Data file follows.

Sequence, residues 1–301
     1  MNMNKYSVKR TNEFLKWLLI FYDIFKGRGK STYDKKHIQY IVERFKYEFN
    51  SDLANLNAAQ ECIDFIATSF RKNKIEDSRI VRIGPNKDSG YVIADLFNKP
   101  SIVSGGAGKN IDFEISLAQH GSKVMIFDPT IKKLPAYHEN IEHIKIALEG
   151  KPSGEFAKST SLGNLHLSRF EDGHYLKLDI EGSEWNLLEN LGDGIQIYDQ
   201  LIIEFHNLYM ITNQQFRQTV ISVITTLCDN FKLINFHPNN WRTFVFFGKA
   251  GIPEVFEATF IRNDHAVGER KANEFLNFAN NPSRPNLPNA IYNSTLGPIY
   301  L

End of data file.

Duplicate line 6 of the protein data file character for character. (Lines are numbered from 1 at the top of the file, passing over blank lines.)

   201  LIIEFHNLYM ITNQQFRQTV ISVITTLCDN FKLINFHPNN WRTFVFFGKA